Rev. Karen Booth is the spokesperson for Transforming Congregations, a network of churches across the country that encourages and assists homosexuals in exiting their lifestyles. As their website states "Believing that homophobic (fearful, hateful and rejecting) and accommodationist (uncritically accepting and affirming) responses were both contrary to Scripture, the group sought instead a compassionate approach that would offer the hope of transformational healing to those struggling with unwanted same-sex attraction and behavior."
Transforming Congregations consists mostly of United Methodist churches, but includes Lutheran, Presbyterian, Assemblies of God, and other denominations within its ecumenical reach.
Preceding the upcoming Hearts of Fire convocation at Lake Junaluska by the Reconciling Ministries Network is a prayer breakfast by Transforming Congregations. Rev. Booth graciously agreed to answer questions about that event and Christian responses to homosexuality.
1. In a recent press release, you described a prayer breakfast that Transforming Congregations is holding on the eve of the Hearts on Fire convocation at Lake Junaluska. What actions will your ministry take to directly communicate your views with those attending Hearts on Fire?
Our purpose in holding the prayer breakfast is twofold. Primarily, it's to connect with like-minded people who believe as we do that same-sex attraction/behavior and gender confusion are not God's will for human sexual _expression, and to offer them an alternative response to the "Hearts on Fire" event besides protest. Secondarily, we also hope to gain broader exposure for our message and ministry through denominational, other religious and secular media. Voices of ex-gays tend to get drowned out in this particular controversy, and we hope our breakfast will help to remedy that.
So we will probably not have much direct interaction with the "Hearts on Fire" attendees. RMN Director Troy Plummer has been informed about what we're doing and any of their media reps are welcome to come and hear the program portion of our breakfast, to submit questions or interview our speakers. One of our Board members has registered for the convocation and will be attending as an observer/participant. He is willing to share his personal testimony if there is any call to do so. But otherwise, we intend to honor their time and space by not interfering or disrupting.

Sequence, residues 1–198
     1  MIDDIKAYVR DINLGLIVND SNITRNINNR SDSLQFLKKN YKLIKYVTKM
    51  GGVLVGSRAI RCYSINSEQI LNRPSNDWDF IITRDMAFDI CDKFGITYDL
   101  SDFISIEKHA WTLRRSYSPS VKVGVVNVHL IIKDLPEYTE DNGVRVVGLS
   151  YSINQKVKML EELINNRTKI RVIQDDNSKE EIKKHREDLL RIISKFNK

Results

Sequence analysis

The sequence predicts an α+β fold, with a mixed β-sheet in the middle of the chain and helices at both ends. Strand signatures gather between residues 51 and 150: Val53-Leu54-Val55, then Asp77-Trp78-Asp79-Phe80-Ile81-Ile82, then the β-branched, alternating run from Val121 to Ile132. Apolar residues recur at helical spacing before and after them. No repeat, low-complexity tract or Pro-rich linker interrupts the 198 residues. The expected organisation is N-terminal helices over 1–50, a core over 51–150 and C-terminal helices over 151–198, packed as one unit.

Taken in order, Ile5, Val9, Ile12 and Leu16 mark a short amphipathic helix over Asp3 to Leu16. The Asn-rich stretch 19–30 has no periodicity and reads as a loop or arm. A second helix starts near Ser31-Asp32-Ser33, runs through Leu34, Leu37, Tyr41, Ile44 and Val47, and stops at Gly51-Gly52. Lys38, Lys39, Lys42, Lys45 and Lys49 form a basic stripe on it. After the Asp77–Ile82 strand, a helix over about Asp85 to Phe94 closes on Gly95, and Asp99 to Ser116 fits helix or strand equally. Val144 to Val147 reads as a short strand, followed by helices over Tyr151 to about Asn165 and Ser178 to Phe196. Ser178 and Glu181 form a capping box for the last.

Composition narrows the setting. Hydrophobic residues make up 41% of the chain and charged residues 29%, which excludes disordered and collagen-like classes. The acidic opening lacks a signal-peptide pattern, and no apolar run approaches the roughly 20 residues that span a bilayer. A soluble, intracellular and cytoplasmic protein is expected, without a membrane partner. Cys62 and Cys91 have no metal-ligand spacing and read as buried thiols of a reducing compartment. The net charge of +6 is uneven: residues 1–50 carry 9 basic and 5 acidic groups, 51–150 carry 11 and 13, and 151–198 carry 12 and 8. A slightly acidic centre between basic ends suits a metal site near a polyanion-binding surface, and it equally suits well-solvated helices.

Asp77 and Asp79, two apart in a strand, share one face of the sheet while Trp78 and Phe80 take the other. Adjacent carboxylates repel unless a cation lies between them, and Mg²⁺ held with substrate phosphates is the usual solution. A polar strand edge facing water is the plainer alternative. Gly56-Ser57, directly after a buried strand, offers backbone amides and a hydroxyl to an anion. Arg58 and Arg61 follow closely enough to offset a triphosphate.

2. In an interview this week, Rev. Troy Plummer of Reconciling Ministries Network insisted that gay marriage is faithful to the Biblical standards of that institution. He said: "People ask me why we make a "fuss" about gay marriage. I say: The fuss is about living in honesty and loving in honesty. The fuss is about the fidelity and faithfulness of persons of same-sex orientation to their spouse and also to their family of faith. We not only advocate for and celebrate these values, we are asking our church to support their GLBT members in these values." How do you respond?
GLBT Christians living in committed relationships is far better than their living promiscuously. Troy would get no argument from me on that. But it doesn't logically follow that committed GLBT relationships are therefore OK. I believe they're sinful, meaning that they're not the perfect will of God for sexual _expression. So, as their sister in faith I cannot and will not support them in their desire for church approval. For my opinions on marriage, see several articles in the newsletter archives section of our website - www.transformingcong.org